Plumbing is not a modern-day invention
Archaeologists have discovered water pipes in the Indus River in India that date back to 4000-3000 B.C. Sir John Harrington, godson to Queen Elizabeth I, designed the first flushing toilet for his godmother. Alexander Cummings improved the first flushing toilet. His prototype included a S trap and allowed some water to stay in the bowl. This resulted in the water no longer smelling like sewage and the bowl could easily be cleaned. These inventions pathed the way for what we now use as modern plumbing.
We now know that plumbing has been around for thousands of years. However, did you know that the hierarchy and standards for plumbing, as a craft, has been around for almost as long? The Medieval Period lasted from the 5th to the 15th century. During this period, a group of skilled craftsmen in the same trade would form a guild. The guild would make sure that anything made by a guild member was up to standard and was sold for a fair price. Membership to a guild was an honor, this was a sign you were a skilled worker who had respect in society.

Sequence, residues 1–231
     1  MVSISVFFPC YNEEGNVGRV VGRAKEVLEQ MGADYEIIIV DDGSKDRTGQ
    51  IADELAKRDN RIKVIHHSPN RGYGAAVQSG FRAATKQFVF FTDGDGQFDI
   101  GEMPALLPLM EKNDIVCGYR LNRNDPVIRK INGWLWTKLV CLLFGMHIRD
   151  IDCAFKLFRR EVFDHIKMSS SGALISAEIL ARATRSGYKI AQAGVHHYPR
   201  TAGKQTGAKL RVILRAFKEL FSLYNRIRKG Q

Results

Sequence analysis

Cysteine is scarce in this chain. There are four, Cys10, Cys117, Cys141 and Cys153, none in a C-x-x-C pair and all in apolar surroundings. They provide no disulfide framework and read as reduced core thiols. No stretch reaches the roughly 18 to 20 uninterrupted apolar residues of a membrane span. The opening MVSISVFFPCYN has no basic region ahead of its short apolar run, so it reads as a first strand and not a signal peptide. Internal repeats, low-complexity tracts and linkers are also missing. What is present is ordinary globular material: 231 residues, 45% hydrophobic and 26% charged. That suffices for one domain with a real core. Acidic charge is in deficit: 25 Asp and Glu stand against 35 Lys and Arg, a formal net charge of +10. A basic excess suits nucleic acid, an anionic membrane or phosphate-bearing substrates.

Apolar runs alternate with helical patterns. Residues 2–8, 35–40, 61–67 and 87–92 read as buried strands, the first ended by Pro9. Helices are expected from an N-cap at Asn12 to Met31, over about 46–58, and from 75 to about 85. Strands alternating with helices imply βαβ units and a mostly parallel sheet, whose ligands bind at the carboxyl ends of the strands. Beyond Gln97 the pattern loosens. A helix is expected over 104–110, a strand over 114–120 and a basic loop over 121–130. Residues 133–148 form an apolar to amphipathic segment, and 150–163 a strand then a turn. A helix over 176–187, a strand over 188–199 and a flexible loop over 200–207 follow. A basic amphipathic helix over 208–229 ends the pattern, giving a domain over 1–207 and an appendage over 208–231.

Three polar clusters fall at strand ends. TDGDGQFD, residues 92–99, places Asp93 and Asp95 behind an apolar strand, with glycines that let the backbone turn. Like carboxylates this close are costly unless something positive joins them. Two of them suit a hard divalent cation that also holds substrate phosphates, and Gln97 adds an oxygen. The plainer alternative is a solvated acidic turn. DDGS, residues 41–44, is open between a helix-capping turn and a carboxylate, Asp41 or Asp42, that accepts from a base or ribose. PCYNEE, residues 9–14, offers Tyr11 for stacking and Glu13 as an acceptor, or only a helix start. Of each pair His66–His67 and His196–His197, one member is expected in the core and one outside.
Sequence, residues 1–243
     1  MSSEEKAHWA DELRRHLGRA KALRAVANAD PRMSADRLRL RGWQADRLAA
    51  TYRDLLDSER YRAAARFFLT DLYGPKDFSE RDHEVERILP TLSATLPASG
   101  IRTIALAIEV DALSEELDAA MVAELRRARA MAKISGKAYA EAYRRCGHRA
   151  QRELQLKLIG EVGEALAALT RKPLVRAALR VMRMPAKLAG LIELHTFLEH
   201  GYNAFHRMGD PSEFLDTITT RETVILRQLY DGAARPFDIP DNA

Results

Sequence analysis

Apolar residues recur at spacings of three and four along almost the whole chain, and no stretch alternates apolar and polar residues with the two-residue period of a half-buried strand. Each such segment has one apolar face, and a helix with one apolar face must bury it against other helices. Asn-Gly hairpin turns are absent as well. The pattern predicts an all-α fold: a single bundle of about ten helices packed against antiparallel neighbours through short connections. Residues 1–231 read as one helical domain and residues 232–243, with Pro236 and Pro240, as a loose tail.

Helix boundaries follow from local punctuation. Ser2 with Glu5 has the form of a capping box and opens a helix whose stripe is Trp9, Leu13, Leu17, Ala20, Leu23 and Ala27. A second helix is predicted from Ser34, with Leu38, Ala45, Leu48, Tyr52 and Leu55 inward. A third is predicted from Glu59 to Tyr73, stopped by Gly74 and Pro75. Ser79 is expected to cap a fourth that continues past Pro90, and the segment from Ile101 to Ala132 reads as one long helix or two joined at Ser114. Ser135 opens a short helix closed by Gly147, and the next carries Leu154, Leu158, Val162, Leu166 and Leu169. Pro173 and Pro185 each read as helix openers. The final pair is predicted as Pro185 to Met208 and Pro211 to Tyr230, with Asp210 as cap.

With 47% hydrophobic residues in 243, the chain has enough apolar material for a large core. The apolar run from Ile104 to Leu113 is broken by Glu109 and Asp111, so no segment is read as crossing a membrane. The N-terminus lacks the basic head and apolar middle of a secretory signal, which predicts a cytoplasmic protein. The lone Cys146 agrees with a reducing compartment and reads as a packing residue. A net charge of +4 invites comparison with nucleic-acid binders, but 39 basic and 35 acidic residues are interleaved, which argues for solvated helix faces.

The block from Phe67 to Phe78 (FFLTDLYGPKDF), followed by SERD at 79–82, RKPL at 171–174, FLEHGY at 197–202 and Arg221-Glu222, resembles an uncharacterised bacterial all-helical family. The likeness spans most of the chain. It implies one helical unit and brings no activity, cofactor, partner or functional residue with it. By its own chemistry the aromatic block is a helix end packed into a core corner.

Apprentices to a guild could be as young as 12 years old. They were taught trades by a Master. Apprentices spent on average five to nine years in the company of their Masters, training in all aspects of their craft. This was not paid labor, but they did receive food and lodging. Once their apprenticeship was completed, they were promoted to Journeyman status. During this time, their ultimate success in the craft was established.
Journeyman received pay for their labor while continuing to hone their skills. Their aim, during this time, was to create a masterpiece. The guild would judge the masterpiece based on the Journeyman’s skills, technique, and creativity to determine whether they should remain a Journeyman or become a Master.
If you compare medieval guilds to the modern plumbing trade, you can see they follow the same line. When starting your journey in the plumbing trade you start as an Apprentice. During this period, you will learn from a Master. Before you can become a Master yourself, you must complete several thousand hours of work and complete an exam, including showing your craft. For example, in the State of Texas, plumbers will take their exams with the Texas State Board of Plumbing Examiners at 929 East 41st Street in Austin Texas.